Comet C/2020 M3 (ATLAS) was discovered on 27 June 2020. The acronym ATLAS stands for Asteroid Terrestrial-Impact Last Alert System, based on the Hawaiian islands. Two telescopes of the robotic early warning system are designed to detect smaller near-Earth objects a few weeks to days before they might impact Earth. Since 2017, the scopes survey one quarter of the observable sky four times each clear night. The system is NASA funded and operated by the University of Hawaii.
Orbits near the Earth of objects larger than 1 km are well-known. Most are well documented and predicted years in advance of their close approaches to Earth. Objects down to 140 meters in size are harder to see. It is estimated ⅓ of them have been found. None of those found so far are predicted to threaten Earth in the next century.
Smaller objects less than 140 meters are detected only when they are much closer to Earth. Late discovery means there is the greater potential for a locally catastrophic collision with little warning time if they are on a collision course. ATLAS looks for these smaller objects. Comet C/2020 M3 (ATLAS) was discovered by this system.
The comet became a popular object for amateur astronomers to image. By November 2020 it was nearing the Orion constellation. This image on 6 Nov 2020 was by José J. Chambó at his web site Cometografia.es. I thought it would be interesting to image this comet several times as it passed through Orion.
José Joaquín Chambó Bris
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What will the Moon look like on any date in 2021? What will it look like on your birthday? Find out at NASA Dial-a-Moon. The example pictured below is for 16 January 2021. Set dates and see views for northern hemisphere and for southern hemisphere readers by following either link. Enter any month and day to see a high definition image. You may leave the universal time (UT) at the default value. If you wish, your local-to-Universal time conversion can be done at this link. Or, type ‘universal time’ into Google. Go back to Dial-a-Moon to enter the UT.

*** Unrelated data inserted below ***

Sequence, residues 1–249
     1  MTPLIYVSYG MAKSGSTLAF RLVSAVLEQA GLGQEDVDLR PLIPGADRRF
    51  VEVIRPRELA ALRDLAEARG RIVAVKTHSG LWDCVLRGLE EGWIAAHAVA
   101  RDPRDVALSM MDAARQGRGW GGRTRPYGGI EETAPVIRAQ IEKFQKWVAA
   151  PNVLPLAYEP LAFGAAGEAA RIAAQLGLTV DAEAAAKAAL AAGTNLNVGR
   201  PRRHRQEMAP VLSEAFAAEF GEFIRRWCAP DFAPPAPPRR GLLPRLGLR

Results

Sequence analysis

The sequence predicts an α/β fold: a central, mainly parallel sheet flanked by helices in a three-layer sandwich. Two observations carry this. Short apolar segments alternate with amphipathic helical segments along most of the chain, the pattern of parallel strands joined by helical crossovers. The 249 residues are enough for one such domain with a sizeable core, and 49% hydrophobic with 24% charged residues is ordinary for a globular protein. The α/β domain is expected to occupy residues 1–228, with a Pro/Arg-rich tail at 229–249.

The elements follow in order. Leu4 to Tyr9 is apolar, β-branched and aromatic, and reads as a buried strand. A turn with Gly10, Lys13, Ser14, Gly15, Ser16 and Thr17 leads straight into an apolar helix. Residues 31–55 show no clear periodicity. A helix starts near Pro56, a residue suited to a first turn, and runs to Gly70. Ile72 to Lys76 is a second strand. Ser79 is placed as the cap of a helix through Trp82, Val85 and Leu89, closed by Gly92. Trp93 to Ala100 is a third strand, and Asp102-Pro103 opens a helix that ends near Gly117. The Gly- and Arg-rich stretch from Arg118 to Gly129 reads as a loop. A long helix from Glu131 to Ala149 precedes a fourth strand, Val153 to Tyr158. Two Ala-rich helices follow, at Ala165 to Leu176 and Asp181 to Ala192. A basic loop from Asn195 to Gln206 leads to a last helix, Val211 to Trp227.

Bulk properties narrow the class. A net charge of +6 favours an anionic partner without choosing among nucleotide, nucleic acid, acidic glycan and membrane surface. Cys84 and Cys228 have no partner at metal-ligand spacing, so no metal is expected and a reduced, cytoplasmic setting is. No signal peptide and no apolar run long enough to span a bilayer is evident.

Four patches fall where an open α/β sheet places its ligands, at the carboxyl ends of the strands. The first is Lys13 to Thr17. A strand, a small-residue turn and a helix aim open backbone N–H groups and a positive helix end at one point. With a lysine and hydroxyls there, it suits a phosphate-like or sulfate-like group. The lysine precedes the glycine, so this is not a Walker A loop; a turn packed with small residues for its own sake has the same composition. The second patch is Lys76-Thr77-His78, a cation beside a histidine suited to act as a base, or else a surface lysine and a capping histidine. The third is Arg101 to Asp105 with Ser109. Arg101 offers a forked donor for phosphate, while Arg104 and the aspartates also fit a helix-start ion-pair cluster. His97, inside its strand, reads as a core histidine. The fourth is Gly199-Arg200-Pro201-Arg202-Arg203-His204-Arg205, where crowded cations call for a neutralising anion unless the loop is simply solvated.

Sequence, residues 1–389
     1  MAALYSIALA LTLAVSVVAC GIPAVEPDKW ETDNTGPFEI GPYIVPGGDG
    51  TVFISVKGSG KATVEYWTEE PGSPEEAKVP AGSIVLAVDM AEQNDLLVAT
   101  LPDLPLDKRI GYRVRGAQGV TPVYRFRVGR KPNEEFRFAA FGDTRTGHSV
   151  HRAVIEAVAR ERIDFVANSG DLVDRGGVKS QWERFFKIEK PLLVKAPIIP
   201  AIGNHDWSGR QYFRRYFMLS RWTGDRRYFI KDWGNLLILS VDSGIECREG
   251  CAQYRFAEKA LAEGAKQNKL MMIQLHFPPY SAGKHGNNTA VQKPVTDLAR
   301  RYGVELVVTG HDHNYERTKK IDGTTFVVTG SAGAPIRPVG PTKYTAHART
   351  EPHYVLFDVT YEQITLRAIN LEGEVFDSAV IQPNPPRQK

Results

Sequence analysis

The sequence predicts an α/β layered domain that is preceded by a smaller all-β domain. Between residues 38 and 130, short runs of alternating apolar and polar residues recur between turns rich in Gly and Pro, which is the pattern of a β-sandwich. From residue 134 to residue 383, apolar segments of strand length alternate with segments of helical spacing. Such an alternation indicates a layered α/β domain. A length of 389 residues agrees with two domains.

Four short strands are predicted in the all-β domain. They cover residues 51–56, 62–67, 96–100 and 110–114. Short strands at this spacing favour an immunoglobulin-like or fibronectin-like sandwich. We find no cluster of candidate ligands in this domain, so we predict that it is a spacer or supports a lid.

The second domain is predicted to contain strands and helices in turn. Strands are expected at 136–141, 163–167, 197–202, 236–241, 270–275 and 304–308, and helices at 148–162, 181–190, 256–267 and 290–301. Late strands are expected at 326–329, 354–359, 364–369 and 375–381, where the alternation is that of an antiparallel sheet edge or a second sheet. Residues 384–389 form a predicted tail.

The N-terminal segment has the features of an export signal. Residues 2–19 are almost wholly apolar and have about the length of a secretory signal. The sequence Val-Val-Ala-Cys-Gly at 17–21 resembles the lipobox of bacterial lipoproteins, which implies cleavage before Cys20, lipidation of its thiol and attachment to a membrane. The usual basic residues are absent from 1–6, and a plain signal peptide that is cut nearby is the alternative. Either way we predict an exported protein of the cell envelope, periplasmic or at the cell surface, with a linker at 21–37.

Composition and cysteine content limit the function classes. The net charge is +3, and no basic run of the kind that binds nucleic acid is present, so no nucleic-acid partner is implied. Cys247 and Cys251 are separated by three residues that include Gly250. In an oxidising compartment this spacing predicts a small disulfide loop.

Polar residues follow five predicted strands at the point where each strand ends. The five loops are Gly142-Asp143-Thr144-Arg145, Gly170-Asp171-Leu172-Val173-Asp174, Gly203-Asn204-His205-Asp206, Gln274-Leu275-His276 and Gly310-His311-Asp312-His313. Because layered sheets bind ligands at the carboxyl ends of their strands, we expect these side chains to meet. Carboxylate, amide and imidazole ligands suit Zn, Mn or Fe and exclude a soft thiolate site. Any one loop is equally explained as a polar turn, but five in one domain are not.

After visiting Dial-a-Moon, scan down that web page for a wealth of additional information about the Moon’s motions and appearance. The images of Dial-a-Moon are made from those of the Lunar Reconnaissance Orbiter (LRO) in low altitude orbit around the Moon since 2009.
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It has been fun watching the progress of Jupiter and Saturn over the recent months as they neared each other. I started photographing them November 8th. My camera memory setting opens with the same parameters each time for zoom, ISO, f-stop, shutter, etc. I put it on a tripod and got the images at about the same time on 11 dates as indicated in this image. Using Photoshop Elements, I overlaid the new images as layers on top. Saturn’s positions were aligned with a very faint straight line in the image. Jupiter was always placed in the same location for reference.
Have you been watching Jupiter and Saturn in the southwest evening skies soon after sunset? They are getting closer together. By late December they will be nearly in the same position in the sky. This composite image used 4 images I superimposed in the recent two weeks. The thin line shows how close their encounter will be. Keep watching the show.
Beta Scorpii (β Scorpii, Beta Sco, β Sco) is in the southern zodiac constellation of Scorpius. It is also labeled as Graffias in this star chart. The Moon passed in front of the star and hid it from view for about an hour. During the hour before occultation, I photographed the Moon and Beta Scorpii at 10 minute intervals using the same zoom and exposure settings. Photoshop Elements was used to merge the series of images showing the progress of the Moon as it neared the star. Disappearance was at about 8:42 pm. Reappearance was 9:40.
Our skies in Iowa have been filtered with smoke and haze from fires in the western states. The Moon and Beta Scorpii were already low in the southwest during the hour before occultation. The Moon was tinted orange. I hoped to also photograph the emergence of Beta Scorpii on the right side of the Moon after occultation. But, the pair was only 5˚ above the horizon. They had disappeared in the hazy atmosphere. During several recent sunsets, the Sun has turned very red-orange and faded from sight before it actually reached the horizon.